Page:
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Blowing Up, Walter Schloss, Investing Challenges, & The Coffee Can Edge
Market Talk, Edition 75, June 4th 2023
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Recent Memos: Memos I have shared in the last month.
Comments from Me
To kick things off, Investment Talk recently surpassed 22,000 readers and is slowly approaching the milestone of 100 supporters. Big thanks to everyone for that. I mentioned a few weeks back that I made a career change. Now that it’s official, I can say that I am thrilled to have joined Koyfin; which I am sure many of you are familiar with. For those who are not; Koyfin is the best financial data and analytics platform for researching the fundamentals and technicals of stocks, as well as macro, mutual funds, ETFs, fixed income, currencies, and so much more.
Many describe it as the cleanest alternative to a Bloomberg terminal or CapIQ, without paying tens of thousands of dollars per year. Perfect for individual investors. Because it’s a product I’ve been using daily for years, I felt excited to grab the opportunity and further my personal development. Leaving my old role at Commonstock was bittersweet; I loved working there, the people were great, and I was fortunate enough to have a fantastic mentor; guiding me through the nuances of working in small start-ups. But this new challenge felt right, and so I accepted it.
5x Must Reads
Here are 5 pieces that I found particularly enjoyable or insightful. Note, that these articles are not listed in order of perceived value.
1) Blowing Up
Source: (Malcolm Gladwell)
Authored by Malcolm Gladwell in 2002, this is an excellent profile of Nassim Taleb, author of well-known texts like anti-fragile, fooled by randomness, and the black swan. The article centres around Taleb’s fascination with the roles of luck and success in investment performance, and how he used unorthodox options strategies at his former hedge fund, Empirca. While the majority of the investment world sought out small, consistent profits, Taleb and his eccentric companions, focussed almost exclusively on black swan events. Placing a library of small wagers on outcomes that were deemed unlikely, in the hopes of reaping outsized returns for outcomes that were not ‘priced in’; because nobody likes to believe black swans are real. When describing the black swan that took down LTCM in the 1990s, the Russian default, Taleb recounts; “No amount of observations of white swans can allow the inference that all swans are white, but the observation of a single black swan is sufficient to refute that conclusion”.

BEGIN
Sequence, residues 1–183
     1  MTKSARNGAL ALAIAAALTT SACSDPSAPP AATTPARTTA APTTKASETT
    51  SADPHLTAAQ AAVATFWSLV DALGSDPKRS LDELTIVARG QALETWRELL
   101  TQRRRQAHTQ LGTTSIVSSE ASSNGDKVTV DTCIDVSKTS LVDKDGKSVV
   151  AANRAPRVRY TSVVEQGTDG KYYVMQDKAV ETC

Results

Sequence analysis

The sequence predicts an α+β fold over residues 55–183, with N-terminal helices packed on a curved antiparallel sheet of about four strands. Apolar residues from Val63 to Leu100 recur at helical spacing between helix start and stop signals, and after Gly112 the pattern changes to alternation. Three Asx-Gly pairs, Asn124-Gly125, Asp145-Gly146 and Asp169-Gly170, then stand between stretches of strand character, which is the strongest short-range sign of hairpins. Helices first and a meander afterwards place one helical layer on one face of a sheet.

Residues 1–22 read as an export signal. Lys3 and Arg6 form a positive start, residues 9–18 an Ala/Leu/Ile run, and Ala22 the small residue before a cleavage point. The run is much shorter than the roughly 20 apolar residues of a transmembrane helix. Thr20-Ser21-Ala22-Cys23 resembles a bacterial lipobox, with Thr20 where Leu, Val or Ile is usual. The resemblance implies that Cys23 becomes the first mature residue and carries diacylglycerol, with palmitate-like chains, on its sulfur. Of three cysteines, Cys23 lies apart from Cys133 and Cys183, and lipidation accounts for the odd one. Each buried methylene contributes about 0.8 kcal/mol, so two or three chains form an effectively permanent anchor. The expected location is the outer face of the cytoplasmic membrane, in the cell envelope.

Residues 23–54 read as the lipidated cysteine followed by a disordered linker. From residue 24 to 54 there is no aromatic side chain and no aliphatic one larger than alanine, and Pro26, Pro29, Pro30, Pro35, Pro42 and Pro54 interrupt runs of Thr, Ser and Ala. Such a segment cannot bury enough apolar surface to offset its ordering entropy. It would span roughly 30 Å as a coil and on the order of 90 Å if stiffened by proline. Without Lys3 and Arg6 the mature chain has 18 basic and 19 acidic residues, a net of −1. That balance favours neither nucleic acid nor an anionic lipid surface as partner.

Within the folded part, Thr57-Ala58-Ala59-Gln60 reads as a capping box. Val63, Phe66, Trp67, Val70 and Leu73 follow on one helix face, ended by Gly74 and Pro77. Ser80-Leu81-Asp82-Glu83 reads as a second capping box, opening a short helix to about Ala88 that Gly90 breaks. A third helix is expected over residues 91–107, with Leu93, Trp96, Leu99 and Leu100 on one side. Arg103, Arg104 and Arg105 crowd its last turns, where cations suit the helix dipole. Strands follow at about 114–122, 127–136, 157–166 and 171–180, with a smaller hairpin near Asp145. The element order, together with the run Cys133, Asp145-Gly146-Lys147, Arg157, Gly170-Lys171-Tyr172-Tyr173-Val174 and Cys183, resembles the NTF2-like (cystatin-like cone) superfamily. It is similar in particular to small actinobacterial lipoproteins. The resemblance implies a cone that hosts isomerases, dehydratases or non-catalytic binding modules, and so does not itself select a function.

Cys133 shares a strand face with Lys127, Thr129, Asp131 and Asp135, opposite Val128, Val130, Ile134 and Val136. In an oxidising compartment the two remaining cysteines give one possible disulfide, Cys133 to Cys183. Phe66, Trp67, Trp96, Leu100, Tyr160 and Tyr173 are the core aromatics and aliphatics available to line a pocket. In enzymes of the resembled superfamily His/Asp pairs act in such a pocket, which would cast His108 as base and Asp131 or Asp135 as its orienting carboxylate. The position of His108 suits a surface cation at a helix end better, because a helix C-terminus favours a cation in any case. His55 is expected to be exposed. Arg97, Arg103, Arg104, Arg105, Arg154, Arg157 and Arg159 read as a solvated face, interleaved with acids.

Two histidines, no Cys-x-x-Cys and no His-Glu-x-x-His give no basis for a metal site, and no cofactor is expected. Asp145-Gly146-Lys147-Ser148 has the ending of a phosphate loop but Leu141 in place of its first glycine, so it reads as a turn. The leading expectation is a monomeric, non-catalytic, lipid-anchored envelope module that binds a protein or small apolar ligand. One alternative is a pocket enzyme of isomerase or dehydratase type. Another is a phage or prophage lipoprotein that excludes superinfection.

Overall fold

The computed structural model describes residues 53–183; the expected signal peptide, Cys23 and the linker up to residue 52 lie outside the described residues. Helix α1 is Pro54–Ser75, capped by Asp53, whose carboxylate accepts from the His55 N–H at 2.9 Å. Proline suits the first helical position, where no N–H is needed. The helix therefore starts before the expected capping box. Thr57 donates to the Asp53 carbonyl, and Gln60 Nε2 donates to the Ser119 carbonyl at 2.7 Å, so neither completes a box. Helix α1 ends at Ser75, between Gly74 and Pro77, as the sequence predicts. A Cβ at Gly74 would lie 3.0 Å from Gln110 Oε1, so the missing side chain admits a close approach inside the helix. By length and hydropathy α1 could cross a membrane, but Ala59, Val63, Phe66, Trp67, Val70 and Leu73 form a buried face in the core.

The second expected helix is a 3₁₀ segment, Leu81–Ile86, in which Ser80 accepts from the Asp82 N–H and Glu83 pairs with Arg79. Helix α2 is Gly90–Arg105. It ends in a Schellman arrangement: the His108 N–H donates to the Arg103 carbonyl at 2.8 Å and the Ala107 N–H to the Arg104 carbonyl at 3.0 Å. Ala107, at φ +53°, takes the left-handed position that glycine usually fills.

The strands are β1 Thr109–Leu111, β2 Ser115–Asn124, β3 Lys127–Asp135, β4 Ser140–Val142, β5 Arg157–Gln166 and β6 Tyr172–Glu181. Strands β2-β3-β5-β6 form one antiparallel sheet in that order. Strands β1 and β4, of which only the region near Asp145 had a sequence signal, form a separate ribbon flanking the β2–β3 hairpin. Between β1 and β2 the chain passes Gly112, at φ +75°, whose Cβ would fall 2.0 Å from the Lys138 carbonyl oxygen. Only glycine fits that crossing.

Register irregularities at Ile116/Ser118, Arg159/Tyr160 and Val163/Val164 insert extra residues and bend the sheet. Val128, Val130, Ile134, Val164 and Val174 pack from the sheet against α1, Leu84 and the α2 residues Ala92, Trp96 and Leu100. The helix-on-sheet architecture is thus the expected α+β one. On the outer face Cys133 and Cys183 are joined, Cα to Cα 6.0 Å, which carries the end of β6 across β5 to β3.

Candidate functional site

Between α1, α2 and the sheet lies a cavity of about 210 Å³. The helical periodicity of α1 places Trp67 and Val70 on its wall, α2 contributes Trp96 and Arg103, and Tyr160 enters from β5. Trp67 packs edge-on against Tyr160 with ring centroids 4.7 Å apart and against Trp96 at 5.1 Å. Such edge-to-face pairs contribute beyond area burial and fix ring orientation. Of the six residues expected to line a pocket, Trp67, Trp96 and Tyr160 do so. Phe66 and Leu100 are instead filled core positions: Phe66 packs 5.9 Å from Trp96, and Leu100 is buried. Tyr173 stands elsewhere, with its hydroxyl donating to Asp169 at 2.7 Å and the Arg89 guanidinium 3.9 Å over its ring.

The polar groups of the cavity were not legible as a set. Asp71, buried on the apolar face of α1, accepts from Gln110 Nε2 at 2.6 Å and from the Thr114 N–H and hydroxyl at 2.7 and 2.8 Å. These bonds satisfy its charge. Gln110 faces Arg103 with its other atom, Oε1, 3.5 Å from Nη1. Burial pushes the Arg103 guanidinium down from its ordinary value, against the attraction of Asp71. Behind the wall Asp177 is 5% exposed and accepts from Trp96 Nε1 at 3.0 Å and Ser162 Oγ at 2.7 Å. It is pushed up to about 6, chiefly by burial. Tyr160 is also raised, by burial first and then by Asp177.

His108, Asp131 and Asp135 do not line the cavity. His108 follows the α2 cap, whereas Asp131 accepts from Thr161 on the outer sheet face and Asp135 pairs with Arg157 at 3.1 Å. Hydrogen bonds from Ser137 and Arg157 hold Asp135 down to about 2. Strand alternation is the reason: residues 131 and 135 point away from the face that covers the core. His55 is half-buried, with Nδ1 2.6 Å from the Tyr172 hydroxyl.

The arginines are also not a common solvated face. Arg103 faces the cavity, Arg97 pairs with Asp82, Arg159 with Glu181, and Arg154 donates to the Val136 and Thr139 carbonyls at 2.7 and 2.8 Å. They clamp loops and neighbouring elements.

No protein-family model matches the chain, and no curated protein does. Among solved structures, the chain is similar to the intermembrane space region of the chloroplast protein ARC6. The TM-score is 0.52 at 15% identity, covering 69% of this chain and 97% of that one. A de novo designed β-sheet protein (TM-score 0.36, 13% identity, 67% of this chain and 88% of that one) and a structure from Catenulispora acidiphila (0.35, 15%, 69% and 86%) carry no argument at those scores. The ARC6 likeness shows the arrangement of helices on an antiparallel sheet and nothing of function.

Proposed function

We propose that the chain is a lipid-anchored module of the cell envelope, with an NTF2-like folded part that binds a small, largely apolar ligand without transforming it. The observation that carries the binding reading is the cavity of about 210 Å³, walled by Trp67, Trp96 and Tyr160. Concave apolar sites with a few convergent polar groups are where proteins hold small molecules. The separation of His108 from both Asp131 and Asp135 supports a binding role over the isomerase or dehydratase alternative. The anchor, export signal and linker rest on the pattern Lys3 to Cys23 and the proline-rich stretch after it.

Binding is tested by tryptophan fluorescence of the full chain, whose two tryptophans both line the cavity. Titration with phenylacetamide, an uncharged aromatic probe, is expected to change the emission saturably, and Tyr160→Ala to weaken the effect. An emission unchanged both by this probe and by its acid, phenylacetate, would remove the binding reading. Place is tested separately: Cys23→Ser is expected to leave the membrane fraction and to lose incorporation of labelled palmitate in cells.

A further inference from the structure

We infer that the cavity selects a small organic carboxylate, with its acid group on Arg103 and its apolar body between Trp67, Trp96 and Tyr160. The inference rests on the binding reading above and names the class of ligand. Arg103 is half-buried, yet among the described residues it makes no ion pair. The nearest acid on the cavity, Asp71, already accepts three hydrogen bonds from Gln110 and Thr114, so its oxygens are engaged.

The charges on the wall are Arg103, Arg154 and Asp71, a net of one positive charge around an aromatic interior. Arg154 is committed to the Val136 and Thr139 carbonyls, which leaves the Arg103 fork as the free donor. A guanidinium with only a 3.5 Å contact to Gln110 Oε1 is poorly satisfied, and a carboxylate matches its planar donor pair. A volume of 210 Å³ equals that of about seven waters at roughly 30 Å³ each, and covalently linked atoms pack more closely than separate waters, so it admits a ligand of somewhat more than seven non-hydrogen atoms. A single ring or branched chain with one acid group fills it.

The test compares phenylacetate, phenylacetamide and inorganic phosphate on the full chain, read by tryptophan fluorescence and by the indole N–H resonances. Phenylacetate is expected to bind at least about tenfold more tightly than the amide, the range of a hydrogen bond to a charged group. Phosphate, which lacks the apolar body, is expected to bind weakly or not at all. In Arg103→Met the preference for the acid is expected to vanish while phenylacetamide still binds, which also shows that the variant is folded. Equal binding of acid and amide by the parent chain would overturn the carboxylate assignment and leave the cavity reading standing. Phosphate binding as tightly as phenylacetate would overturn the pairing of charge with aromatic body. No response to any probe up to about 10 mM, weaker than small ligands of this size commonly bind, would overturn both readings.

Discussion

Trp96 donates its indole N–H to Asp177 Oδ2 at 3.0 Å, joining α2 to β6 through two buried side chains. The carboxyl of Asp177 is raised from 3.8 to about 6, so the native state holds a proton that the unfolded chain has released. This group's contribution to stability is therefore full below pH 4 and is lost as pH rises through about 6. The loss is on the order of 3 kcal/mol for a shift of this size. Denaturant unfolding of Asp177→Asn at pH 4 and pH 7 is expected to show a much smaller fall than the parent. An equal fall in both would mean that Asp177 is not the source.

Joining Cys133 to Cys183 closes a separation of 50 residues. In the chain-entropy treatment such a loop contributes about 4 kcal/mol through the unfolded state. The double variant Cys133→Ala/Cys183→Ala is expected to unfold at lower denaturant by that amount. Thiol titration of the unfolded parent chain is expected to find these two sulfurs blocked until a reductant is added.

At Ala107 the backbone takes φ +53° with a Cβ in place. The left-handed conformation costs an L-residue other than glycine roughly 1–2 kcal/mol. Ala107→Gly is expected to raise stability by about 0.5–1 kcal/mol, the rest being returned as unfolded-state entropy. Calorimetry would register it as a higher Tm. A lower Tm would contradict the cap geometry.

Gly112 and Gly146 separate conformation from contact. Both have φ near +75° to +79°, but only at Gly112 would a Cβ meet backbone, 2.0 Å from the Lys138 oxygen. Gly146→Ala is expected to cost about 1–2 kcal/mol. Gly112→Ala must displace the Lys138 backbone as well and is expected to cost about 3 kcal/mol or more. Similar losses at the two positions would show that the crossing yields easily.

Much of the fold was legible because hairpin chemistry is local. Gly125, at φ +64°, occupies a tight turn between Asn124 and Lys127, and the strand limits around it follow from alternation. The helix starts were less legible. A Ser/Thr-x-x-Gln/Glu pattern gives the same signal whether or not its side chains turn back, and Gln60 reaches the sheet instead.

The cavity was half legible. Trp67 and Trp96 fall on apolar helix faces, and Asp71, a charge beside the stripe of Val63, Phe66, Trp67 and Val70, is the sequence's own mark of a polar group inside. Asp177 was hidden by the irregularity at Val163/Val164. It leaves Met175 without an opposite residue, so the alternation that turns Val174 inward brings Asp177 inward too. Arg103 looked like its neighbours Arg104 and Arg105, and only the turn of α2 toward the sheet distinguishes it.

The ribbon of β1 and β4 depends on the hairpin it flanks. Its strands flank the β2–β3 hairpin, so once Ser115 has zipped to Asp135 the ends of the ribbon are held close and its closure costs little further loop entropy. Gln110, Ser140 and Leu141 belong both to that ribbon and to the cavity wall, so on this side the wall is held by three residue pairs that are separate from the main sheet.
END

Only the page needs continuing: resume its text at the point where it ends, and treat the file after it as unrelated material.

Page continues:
Empirica was one of the few funds not shying away from black swans and because they actively searched for them every day brought a small but real possibility that it will make a huge win; no chance that it will blow up; and a substantial possibility that it will lose a small amount of money. Or as Taleb put it; “We cannot blow up, we can only bleed to death”. Absorbing small daily losses in pursuit of gargantuan payoffs is exactly what humans are hardwired to avoid. Instead, Taleb believes most investors take substantial tail risk in pursuit of smaller gains.
“Say you’ve got a guy who is long on Russian bonds. He’s making money every day. One day, lightning strikes, and he loses five times what he made. Still, on 364 out of 365 days he was very happily making money. It’s much harder to be the other guy, the guy losing money 364 out of 365 because you start questioning yourself. Am I ever going to make it back? Am I really right? What if it takes ten years? Will I even be sane ten years from now?”
Howard Savery, a former colleague of Nassim Taleb
The profile also examines Taleb’s quirks and early life, and how an unfortunate bout of throat cancer, despite being a non-smoker, made him realise that he, himself, was the victim of a black swan. In keeping with the title of the piece, the story of Victor Niederhoffer, once a prominent money manager in the US, and his eventual ruin is also a recurring theme. Thanks tofor bringing this article to my attention.
2) Walter Schloss Archives
Source: (Elevation Capital)
Walter Schloss has been referred to as the ‘other Buffett’ in the past because of his simple and consistent value-orientated approach to investing. With his no-nonsense strategy, he earned 21% gross annual returns over nearly five decades. But the duo’s styles, despite hailing from the Graham school of thought and working together at Graham Newman, are quite different. Schloss was more of a staunch value investor; often saying he only cared about avoiding debt, buying value, and having downside protection. For instance, while Buffett has said in the past he doesn’t mind paying fair prices for outstanding companies, Schloss was less inclined to care about quality. He only wanted to buy discounted assets, with perceived upside, irrespective of quality.